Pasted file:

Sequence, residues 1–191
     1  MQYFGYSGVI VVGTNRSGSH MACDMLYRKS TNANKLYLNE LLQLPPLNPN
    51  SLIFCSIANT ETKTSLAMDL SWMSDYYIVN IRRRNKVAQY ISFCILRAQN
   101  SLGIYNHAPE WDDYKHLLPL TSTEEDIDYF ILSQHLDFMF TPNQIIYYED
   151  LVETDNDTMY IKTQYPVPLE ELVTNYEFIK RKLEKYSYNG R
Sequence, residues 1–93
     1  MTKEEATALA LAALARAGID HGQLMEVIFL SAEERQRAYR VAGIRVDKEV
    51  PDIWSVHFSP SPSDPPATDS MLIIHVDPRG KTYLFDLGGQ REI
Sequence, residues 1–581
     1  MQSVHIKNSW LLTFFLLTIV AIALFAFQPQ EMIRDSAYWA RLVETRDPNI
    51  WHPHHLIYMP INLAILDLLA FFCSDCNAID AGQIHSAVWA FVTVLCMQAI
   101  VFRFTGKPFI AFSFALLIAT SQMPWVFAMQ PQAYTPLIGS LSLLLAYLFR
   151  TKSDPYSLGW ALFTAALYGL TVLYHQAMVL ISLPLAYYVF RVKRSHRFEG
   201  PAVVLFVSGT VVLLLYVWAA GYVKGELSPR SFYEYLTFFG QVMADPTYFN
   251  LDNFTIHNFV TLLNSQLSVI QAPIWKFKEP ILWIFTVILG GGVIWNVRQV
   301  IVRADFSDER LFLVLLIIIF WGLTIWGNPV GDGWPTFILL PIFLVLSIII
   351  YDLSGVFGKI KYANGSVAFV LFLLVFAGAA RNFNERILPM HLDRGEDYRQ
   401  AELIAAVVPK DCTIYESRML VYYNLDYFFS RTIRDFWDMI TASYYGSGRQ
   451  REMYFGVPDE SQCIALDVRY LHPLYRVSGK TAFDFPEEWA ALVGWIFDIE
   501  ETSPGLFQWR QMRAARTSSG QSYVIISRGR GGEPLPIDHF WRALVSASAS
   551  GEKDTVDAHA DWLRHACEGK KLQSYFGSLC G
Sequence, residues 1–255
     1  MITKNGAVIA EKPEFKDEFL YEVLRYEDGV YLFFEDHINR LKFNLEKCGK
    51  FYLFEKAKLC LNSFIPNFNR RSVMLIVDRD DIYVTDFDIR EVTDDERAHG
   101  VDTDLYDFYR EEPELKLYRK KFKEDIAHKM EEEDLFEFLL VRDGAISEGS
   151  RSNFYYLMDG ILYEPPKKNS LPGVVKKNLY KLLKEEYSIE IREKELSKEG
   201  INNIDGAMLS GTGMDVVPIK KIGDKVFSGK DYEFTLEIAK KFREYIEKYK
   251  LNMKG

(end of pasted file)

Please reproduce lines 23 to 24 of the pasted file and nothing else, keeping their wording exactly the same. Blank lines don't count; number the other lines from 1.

     1  MITKNGAVIA EKPEFKDEFL YEVLRYEDGV YLFFEDHINR LKFNLEKCGK
    51  FYLFEKAKLC LNSFIPNFNR RSVMLIVDRD DIYVTDFDIR EVTDDERAHG